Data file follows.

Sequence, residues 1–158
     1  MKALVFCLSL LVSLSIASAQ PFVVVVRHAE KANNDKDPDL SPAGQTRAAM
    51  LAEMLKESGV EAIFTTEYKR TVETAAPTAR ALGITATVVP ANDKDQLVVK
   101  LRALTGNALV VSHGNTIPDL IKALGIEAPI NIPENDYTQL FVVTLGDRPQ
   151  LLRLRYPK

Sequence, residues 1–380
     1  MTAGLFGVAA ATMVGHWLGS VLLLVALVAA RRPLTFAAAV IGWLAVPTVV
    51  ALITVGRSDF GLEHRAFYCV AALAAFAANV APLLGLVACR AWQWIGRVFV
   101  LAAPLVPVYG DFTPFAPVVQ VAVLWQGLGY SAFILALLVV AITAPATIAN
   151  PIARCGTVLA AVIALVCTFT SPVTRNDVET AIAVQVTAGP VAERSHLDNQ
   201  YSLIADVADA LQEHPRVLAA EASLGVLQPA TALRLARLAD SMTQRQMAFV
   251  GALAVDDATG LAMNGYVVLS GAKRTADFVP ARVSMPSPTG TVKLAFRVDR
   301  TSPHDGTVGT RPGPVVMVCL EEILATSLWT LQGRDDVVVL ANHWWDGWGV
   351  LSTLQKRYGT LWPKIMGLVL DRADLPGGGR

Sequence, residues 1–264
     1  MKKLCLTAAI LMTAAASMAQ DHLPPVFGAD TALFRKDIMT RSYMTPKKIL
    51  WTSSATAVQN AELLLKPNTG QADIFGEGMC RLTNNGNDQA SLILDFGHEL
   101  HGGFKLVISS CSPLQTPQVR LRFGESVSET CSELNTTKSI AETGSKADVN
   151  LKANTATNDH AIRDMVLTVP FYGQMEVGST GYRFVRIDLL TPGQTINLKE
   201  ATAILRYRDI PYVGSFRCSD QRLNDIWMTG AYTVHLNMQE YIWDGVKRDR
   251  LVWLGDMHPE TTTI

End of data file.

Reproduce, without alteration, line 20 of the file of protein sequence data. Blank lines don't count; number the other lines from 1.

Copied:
   201  ATAILRYRDI PYVGSFRCSD QRLNDIWMTG AYTVHLNMQE YIWDGVKRDR